{¶ 25} Under a purely subjective “honesty in fact” analysis, it is clear that Buckeye accepted the check from Camp in good faith and would therefore achieve holder-in-due-course status.   When the objective prong of the good faith test is applied, however, we find that Buckeye did not conduct itself in a commercially reasonable manner.   While not going so far as to say that cashing a postdated check prevents a holder from obtaining holder-in-due-course status in every  instance, the presentation of a postdated check should put the check cashing entity on notice that the check might not be good.   Buckeye accepted the postdated check at its own peril.   Some attempt at verification should be made before a check-cashing business cashes a postdated check.   Such a failure to act does not constitute taking an instrument in good faith under the current objective test of “reasonable commercial standards” enunciated in R.C. 1303.32.

{¶ 26} We conclude that in deciding to amend the good faith requirement to include an objective component of “reasonable commercial standards,” the Ohio legislature intended to place a duty on the holders of certain instruments to act in a responsible manner in order to obtain holder-in-due-course status.   When Buckeye decided to cash the postdated check presented by Camp, it did so without making any attempt to verify its validity.   This court in no way seeks to curtail the free negotiability of commercial instruments.   However, the nature of certain instruments, such as the postdated check in this case, renders it necessary for appellee Buckeye to take minimal steps to protect its interests.   That was not done.   Buckeye was put on notice that the check was not good until October 15, 2003.  “Good faith,” as it is defined in the UCC and the Ohio Revised Code, requires that a holder demonstrate not only honesty in fact but also that the holder act in a commercially reasonable manner.   Without taking any steps to discover whether the postdated check issued by Sheth was valid, Buckeye failed to act in a commercially reasonable manner and therefore was not a holder in due course.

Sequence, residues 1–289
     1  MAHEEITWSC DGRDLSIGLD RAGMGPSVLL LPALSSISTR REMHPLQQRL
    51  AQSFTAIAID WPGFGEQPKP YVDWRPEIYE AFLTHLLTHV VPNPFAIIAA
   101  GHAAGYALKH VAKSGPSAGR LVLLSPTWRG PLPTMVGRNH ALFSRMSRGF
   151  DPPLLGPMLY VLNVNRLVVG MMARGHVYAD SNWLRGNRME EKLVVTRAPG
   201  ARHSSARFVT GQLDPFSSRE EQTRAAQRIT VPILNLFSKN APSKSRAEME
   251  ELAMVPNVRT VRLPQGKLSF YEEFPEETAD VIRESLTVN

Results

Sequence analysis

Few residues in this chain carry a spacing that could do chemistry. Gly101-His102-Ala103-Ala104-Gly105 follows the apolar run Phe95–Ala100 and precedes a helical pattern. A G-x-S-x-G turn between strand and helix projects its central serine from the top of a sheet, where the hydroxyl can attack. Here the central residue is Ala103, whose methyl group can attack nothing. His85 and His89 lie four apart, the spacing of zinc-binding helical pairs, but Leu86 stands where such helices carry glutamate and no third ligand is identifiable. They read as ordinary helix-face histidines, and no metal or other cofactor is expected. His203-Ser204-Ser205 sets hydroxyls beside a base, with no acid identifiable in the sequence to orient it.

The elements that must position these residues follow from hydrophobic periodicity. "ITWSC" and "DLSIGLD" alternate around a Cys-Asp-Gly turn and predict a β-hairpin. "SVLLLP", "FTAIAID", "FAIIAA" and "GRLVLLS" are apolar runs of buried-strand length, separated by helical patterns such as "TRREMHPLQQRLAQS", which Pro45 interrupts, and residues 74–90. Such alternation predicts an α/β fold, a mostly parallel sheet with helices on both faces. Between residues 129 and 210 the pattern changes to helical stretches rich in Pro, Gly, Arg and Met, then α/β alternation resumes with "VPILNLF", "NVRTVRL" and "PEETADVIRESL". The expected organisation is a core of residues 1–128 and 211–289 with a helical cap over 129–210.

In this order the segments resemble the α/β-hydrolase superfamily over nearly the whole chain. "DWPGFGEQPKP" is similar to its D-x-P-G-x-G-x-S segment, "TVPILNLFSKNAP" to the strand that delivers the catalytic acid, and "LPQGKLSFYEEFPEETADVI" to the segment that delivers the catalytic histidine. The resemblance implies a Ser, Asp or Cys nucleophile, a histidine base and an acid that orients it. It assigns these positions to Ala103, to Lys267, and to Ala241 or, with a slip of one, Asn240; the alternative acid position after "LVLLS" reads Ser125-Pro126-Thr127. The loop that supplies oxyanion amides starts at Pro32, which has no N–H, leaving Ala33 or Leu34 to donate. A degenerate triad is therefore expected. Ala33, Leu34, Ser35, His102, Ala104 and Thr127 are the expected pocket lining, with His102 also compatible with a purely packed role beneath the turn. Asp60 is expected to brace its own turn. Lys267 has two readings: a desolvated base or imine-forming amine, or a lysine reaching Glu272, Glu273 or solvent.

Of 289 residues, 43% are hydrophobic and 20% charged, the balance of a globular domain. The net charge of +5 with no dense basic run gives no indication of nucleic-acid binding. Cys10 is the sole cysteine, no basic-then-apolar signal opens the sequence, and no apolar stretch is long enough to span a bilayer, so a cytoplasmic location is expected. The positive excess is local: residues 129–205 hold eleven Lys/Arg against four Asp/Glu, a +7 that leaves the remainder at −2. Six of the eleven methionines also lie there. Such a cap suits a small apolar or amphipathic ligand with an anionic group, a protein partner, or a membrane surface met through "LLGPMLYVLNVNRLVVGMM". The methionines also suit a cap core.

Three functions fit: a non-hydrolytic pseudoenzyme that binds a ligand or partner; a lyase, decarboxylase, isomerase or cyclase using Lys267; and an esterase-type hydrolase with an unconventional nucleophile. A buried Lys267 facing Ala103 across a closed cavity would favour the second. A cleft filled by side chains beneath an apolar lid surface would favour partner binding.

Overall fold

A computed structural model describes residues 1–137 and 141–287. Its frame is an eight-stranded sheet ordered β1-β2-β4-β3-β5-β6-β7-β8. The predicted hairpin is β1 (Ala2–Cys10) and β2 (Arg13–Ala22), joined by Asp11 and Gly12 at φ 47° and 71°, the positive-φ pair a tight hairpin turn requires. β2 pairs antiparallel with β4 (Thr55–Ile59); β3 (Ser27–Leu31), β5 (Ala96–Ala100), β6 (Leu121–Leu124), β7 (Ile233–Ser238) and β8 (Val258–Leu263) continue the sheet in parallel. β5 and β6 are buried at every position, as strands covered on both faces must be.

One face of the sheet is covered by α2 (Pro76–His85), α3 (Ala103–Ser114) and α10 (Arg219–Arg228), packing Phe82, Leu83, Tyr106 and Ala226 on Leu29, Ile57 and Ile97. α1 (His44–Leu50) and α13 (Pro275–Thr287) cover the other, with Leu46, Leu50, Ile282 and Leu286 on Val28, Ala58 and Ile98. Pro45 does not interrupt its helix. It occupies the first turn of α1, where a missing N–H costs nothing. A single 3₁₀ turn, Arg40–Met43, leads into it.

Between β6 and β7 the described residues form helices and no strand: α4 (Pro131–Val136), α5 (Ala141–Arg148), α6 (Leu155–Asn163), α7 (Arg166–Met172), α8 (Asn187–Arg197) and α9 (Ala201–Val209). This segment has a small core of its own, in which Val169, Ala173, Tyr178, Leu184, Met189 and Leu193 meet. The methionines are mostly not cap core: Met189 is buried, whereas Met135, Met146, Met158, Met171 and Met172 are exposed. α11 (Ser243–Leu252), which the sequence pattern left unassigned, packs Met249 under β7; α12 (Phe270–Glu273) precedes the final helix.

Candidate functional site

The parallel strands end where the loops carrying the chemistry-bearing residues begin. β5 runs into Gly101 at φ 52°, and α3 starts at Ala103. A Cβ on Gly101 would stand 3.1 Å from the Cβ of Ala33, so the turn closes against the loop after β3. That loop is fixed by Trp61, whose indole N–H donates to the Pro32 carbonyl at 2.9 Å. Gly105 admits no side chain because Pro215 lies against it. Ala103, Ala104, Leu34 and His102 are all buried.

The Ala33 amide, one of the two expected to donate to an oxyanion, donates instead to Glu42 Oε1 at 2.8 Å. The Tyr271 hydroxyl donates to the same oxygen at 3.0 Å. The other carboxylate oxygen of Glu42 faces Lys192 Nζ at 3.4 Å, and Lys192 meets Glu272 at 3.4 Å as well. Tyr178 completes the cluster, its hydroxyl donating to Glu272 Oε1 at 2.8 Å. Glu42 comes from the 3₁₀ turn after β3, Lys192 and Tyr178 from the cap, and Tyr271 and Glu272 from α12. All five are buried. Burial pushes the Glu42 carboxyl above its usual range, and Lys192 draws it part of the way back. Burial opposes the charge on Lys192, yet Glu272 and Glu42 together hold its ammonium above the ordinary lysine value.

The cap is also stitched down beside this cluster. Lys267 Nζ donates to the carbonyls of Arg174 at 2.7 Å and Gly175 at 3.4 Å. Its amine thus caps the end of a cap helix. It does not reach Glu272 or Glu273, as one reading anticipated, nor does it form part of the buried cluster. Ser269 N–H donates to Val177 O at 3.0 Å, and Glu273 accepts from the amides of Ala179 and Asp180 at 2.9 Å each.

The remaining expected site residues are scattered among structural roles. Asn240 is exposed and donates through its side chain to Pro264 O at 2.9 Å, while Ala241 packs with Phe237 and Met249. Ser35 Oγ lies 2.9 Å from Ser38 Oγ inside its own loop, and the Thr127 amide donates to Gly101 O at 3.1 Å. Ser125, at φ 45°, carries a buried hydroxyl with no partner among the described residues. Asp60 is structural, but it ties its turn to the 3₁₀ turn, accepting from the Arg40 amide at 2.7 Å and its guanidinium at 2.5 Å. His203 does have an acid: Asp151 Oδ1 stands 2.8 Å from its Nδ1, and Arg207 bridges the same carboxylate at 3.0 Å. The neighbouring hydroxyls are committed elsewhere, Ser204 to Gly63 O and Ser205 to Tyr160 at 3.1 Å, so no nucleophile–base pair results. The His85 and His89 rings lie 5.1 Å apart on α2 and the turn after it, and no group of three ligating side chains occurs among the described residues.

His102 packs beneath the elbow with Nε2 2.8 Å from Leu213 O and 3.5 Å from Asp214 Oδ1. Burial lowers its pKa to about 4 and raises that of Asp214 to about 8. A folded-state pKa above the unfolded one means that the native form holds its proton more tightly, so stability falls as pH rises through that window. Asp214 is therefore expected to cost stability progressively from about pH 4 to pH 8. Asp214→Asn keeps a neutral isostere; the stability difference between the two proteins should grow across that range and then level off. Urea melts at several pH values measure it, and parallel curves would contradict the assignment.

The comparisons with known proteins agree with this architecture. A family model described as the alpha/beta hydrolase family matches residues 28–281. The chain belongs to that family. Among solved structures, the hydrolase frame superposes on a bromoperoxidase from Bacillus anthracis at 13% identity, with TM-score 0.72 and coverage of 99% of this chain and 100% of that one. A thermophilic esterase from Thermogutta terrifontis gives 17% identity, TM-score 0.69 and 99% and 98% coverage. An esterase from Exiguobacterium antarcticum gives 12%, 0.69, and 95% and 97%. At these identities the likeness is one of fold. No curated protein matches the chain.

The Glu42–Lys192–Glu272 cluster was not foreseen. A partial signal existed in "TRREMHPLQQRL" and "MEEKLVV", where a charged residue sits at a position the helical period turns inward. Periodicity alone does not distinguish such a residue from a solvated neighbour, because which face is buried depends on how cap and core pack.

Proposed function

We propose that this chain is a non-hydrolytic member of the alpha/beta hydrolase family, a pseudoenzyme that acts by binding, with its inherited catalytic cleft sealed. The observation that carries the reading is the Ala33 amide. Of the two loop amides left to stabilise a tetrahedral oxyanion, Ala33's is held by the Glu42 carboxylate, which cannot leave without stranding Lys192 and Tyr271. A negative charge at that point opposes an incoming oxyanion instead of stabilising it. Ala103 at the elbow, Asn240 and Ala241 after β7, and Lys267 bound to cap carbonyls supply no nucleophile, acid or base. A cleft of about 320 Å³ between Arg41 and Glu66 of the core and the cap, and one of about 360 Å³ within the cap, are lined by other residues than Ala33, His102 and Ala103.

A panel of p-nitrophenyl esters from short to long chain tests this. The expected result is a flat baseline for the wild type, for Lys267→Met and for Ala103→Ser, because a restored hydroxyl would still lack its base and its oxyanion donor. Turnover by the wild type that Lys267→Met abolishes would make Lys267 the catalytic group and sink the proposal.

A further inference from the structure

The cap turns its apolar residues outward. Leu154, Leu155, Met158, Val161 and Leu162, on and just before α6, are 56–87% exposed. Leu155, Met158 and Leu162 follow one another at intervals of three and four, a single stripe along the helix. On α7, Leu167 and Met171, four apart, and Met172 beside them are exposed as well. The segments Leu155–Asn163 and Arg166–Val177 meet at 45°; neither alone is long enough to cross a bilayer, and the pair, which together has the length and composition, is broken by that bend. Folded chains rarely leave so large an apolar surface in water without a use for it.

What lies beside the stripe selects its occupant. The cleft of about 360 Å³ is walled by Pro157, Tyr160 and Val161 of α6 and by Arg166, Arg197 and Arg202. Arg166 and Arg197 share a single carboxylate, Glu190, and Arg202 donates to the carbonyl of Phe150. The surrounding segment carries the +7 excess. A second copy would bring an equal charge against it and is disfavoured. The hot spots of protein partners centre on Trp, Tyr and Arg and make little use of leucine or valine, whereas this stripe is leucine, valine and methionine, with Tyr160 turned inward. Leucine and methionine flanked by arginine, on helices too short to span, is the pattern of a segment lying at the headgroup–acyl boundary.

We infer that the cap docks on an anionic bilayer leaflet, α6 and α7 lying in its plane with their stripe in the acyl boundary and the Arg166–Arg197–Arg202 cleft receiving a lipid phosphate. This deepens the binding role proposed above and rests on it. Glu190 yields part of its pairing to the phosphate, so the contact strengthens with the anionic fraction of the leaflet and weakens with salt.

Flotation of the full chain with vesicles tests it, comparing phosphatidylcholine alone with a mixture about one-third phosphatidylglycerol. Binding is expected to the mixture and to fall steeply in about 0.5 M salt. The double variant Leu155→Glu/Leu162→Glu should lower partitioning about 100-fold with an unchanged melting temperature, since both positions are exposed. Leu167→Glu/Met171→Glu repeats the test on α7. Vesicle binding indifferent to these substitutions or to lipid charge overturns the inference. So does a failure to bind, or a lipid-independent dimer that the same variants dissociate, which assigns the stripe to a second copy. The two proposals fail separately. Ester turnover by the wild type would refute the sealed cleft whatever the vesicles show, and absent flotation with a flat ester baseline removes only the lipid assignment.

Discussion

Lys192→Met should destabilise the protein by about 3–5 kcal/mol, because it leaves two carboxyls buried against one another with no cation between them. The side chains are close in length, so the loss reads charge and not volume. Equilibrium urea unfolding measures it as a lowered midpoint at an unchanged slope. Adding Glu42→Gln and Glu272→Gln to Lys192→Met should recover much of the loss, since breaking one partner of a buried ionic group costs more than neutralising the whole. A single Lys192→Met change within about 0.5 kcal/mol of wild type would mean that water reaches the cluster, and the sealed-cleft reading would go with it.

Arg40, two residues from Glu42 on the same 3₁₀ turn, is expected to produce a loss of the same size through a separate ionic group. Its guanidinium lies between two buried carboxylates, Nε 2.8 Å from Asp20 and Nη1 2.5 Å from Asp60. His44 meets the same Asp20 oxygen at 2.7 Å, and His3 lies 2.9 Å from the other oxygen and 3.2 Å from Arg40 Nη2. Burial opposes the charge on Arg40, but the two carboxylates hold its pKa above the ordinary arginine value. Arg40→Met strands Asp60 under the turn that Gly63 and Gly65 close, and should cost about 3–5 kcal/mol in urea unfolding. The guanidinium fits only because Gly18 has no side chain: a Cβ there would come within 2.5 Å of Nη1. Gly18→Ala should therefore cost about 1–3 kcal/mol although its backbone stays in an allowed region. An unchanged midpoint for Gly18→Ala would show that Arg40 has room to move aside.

{¶ 27} Based upon the foregoing, Sheth's single assignment of error is sustained, the judgment of the Xenia Municipal Court is reversed, and this matter is remanded to that court for further proceedings in accordance with law and consistent with this opinion.

Judgment reversed, and cause remanded.


1.   Camp was the second named defendant at the trial level.   He did not attend the bench trial on April 19, 2004, and a default judgment was entered against him.


BROGAN, P.J. and WOLFF, J., concur.